Navigating medical marijuana laws
As more states legalize medical or recreational marijuana use, employers should review their employee handbooks to make sure they address current laws.
Although marijuana use is still illegal under federal law, 33 states and Washington, D.C., have legalized medical marijuana use. Eleven of those states and Washington, D.C., also have legalized recreational marijuana use.
A company that works with federal contracts may have an employee handbook that says marijuana use is illegal, but if the company is in a state that has legalized medicinal marijuana it may need to make some accommodations. Even with accommodations, employees are not allowed to be impaired on the job.
Employers find the issue very confusing, which is why the topic comes up a lot.
Nevada is first to ban testing
Nevada has become the first state to ban pre-employment testing for marijuana. The new law, which takes effect Jan. 1, 2020, excludes some employers. Companies seeking candidates to fill such safety-sensitive positions as drivers, firefighters and emergency medical technicians or federal jobs still will be allowed to screen and turn down anyone testing positive for marijuana use. New York City has approved a similar local law that also will take effect in 2020. And, in 2018, Maine became the first state to protect employees who use marijuana (either medical or recreational marijuana) while off-duty.
What employers should do
Employers in states in which medical marijuana use is legal should think about revising their drug-free policies for employees who are registered medical marijuana patients.
Where recreational marijuana use is legal, employers should have guidelines similar to alcohol or tobacco use, such as not smoking pot on breaks. Some people may believe it is all right to eat edible marijuana at work, so rules prohibiting it also should be included in employee handbooks.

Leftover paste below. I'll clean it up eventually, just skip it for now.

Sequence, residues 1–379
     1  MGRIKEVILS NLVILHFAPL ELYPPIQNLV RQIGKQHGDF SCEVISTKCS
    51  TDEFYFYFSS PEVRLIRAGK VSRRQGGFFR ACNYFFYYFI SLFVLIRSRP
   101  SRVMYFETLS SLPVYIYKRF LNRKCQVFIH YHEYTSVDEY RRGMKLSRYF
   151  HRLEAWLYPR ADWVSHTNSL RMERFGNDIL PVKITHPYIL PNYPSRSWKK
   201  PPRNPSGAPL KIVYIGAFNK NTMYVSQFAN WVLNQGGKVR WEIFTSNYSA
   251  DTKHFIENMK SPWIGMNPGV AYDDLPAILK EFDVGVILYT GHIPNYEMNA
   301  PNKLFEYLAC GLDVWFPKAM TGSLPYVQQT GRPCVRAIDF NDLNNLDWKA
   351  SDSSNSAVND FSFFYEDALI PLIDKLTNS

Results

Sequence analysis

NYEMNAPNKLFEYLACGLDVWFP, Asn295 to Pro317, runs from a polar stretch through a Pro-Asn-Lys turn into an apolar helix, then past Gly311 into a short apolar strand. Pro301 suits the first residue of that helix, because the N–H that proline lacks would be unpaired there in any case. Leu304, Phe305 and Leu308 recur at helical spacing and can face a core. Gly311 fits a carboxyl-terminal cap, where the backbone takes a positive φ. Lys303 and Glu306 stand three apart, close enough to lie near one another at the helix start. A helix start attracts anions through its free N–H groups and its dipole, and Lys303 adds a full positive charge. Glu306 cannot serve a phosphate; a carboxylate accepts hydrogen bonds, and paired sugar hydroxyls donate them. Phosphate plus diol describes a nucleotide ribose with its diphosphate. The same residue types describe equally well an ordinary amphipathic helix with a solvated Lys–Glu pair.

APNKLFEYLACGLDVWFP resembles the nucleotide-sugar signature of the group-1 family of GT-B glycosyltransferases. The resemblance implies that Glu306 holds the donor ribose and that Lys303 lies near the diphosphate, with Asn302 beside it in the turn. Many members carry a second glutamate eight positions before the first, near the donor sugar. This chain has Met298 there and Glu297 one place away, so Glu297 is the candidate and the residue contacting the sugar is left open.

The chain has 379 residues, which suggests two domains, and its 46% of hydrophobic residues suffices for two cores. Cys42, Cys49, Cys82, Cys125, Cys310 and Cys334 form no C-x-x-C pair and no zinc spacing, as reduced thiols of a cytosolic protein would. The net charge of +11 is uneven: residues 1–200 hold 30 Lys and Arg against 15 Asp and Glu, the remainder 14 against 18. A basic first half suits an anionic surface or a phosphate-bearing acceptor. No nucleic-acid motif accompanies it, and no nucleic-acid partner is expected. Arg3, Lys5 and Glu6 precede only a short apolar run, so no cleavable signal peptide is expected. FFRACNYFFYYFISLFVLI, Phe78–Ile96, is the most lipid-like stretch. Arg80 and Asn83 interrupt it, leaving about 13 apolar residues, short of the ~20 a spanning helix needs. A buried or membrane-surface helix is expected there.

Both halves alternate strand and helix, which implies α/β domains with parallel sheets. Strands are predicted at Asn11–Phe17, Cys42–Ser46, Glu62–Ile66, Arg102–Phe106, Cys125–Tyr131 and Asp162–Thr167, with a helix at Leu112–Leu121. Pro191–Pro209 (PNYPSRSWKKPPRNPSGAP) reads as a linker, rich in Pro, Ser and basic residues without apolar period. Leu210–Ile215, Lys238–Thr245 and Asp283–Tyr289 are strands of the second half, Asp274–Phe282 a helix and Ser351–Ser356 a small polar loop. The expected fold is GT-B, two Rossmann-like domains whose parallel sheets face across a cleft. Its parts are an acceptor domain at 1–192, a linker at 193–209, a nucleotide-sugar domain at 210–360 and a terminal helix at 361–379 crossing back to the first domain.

Once the employee handbook is updated, the employer should put policies in place to support the handbook.
Catching up to the laws
Society and technology are going to have to catch up to the laws. We’re all individuals and what may make one person impaired may not make another person impaired.
A company is expected to accommodate employees medically and legally if it doesn’t cause an undue hardship. Employers that don’t accommodate workers face risks to their finances or the company’s reputation. The company doesn’t want to lose clients or have its ability to attract or retain employees negatively affected.
Companies need to be cautious because there has been a shift in court rulings concerning medical marijuana use. Some courts have been finding medical marijuana users are protected under state disability laws. Current tests for marijuana can’t determine whether it was used during the workday or on another day when the employee was off-duty, though, which makes testing for impairment more difficult.
An employee who uses CBD oil could test positive for marijuana use.
Helping employers get through the minefield
I’m here to help employers navigate through the minutiae of addressing evolving marijuana laws. We’re all in this together, and as with anything new, we’ll get through it.
Workshops to start in September
As I mentioned last month, I’m teaming up with Dennis A. McCurdy, CIC, CFP of McCurdy Group, for a free series of Lunch and Learn workshops on Human Resources topics. The workshops will be at noon on the third Wednesday of each month at Dennis’ office at 212 Main St., Sturbridge.
Because people are busy and away on vacations during the summer, we decided to postpone the first workshop until September. The Sept. 18th workshop will focus on Benefits and Secondary Insurance Coverage. We’ll discuss the benefit trends and the questions employers and employees should be asking.
Please join us to learn more about this important topic. Register for the workshop at: Eventbrite or by emailing myself or Dennis McCurdy’s office.
If you have questions, contact me at https://www.melodybeachconsulting.com